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ROME (Reuters) - President Giorgio Napolitano asked center-left leader Pier Luigi Bersani on Friday to assess whether he can win enough support in Italy's divided parliament to form a government and end the political deadlock left by elections last month.
After two days of consultations with political leaders, Napolitano said he had given Bersani a mandate to talk to other parties and see if he can get the guaranteed support needed for a vote of confidence in both houses of parliament, where no single group has a workable majority.
The stalemate has left Italy, the euro zone's third-largest economy, facing the prospect of weeks of uncertainty as the bank crisis in Cyprus has reawakened fears of a renewed bout of financial market turmoil in the currency bloc.
Bersani, whose center-left alliance won control of the lower house but not of the Senate, must report back to Napolitano as soon as possible on whether he can get enough support from rival political forces to form a governing majority.
The 61-year-old former communist said he would seek to form a reform-minded government "with the maximum balance and determination".
He has said he hopes to present a limited program of economic and institutional reforms that could be backed by all forces in parliament but he faces formidable obstacles after a bitter election campaign.
Bersani until now has sought support from the anti-establishment 5-Star Movement and refused overtures from Berlusconi, who wants to share power in a grand coalition between center-right and center-left.
However he has been repeatedly and rudely rebuffed by the 5-Star leader, ex-comic Beppe Grillo, who says his group will not back any government formed by one of the mainstream parties.
In a television interview on Friday evening, Berlusconi said Bersani's only chance of forming a government was to go into coalition with his center-right group.
"It would put Italy in grave danger if Bersani were to insist on the wrong route, we would not have a government but a leap into the dark," he said.
In his speech, Napolitano noted Berlusconi's call for a coalition, but said the formula had failed in December when the center-right withdrew support from technocrat premier Mario Monti, who had been supported by both right and left.
Bersani said he would seek broad support from parliament but also from unions and other groups. He met the speakers of parliament on Friday and is due to meet unions and employers on Saturday before meeting political parties next week.
"I will certainly go to work with consultations that are necessary with the forces in parliament but without neglecting contact with the main groups in society," he said.
He gave no indication of how long the process would take but insisted he would not be rushed. "It's a difficult situation but I will take the time needed," he said.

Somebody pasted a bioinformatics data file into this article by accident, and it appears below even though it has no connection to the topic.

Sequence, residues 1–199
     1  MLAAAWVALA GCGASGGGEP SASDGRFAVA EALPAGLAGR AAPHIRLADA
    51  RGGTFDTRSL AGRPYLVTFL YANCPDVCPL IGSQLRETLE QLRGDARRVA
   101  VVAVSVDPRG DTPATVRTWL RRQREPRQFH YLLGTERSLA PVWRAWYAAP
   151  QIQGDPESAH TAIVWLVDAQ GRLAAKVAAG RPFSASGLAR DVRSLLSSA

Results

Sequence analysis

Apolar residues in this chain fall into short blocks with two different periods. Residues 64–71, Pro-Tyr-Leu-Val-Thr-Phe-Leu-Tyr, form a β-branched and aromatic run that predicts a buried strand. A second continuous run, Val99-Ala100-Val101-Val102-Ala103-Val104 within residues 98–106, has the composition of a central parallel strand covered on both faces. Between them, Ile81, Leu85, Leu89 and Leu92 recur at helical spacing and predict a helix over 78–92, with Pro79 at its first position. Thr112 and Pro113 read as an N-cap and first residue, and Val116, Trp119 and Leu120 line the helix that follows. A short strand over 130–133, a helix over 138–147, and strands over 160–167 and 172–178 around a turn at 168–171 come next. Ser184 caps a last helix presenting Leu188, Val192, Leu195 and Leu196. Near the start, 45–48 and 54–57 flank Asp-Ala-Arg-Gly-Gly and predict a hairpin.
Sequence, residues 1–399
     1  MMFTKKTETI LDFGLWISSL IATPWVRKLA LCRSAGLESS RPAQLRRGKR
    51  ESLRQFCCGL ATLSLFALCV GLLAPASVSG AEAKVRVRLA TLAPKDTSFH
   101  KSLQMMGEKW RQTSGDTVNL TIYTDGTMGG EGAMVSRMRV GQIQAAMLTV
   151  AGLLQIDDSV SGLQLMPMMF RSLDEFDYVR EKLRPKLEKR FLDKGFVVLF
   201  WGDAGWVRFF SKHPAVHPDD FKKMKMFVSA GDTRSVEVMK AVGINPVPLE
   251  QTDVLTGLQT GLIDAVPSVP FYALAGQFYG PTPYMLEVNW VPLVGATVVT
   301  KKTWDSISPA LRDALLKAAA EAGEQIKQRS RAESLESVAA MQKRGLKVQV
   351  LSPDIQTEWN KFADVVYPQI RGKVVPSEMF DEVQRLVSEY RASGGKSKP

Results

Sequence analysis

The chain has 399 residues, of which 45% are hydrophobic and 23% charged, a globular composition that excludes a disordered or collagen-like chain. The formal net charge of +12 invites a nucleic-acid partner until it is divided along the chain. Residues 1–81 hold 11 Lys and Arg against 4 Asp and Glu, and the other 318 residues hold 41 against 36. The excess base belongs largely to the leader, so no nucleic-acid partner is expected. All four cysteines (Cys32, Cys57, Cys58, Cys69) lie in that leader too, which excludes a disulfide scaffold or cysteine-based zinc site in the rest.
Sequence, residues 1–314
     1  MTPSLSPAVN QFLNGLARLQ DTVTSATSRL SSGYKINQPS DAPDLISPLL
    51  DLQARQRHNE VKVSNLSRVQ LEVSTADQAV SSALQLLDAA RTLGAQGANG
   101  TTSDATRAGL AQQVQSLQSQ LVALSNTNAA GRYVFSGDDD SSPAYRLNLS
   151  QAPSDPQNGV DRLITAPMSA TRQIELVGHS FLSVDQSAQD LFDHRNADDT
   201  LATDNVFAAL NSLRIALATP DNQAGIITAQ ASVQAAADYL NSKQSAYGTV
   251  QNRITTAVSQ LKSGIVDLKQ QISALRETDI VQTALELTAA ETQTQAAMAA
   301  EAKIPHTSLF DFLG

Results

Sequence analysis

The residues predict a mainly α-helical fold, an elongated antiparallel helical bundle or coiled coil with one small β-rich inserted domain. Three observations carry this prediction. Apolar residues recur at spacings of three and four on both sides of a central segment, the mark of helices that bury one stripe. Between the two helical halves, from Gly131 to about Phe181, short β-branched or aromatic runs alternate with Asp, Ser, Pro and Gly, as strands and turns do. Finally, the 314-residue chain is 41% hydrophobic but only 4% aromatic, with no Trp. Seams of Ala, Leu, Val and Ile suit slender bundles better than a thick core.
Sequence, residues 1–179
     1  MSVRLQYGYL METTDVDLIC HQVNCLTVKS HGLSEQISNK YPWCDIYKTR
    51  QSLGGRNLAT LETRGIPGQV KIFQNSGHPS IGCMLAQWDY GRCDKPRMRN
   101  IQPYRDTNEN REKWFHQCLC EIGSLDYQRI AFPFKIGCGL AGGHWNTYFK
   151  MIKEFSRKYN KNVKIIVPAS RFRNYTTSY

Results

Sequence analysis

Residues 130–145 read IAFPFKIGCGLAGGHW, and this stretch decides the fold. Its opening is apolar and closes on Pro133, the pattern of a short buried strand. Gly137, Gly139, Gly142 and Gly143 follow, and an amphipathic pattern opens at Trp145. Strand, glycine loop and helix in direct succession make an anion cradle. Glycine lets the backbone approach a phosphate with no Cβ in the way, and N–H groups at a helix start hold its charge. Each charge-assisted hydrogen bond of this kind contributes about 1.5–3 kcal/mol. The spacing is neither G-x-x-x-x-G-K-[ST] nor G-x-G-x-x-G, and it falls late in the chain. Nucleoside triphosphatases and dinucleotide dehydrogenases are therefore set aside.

If no durable accord can be reached, Italy faces a return to the polls within months, delaying any prospect of substantial reform to its stagnant economy, stuck in its longest recession in 20 years.
Financial markets have been watching the political uncertainty closely although so far there has been no sign of the panic that gripped investors during the 2011 crisis which brought down the last Berlusconi government.
The main barometer of confidence, the spread between yields on Italian 10-year government bonds and their more stable German counterparts, closed the week at 314 points, well short of the level of more than 550 seen in late 2011.
However Italy's 2-trillion-euro ($2.60-trillion) public debt is vulnerable to any bond market turbulence and public finances have deteriorated sharply during the recession, despite the tax hikes and spending cuts imposed by Monti.
Napolitano said Italy must move quickly but carefully to form a government capable of addressing deep economic and social problems. He said the election had shown there was discontent with traditional politics in Italy and called for national unity and an end to paralyzing conflict between the parties.
Time is running out, however. Apart from the pressure from financial markets, parliament must begin the process of electing a successor for Napolitano by mid-April in time to complete the process by the time his term ends on May 15.
The head of state rejected suggestions that the process of forming a government was taking too long. A month has passed since the election but Napolitano said the country was moving as quickly as possible within constitutional restraints.
Underlining the tense political climate, the PDL is due to hold a rally on Saturday to protest against two trials Berlusconi faces over his appeal against a tax fraud conviction and separate charges of paying for sex with a minor.
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Additional reporting by Naomi O'Leary; Editing by Michael Roddy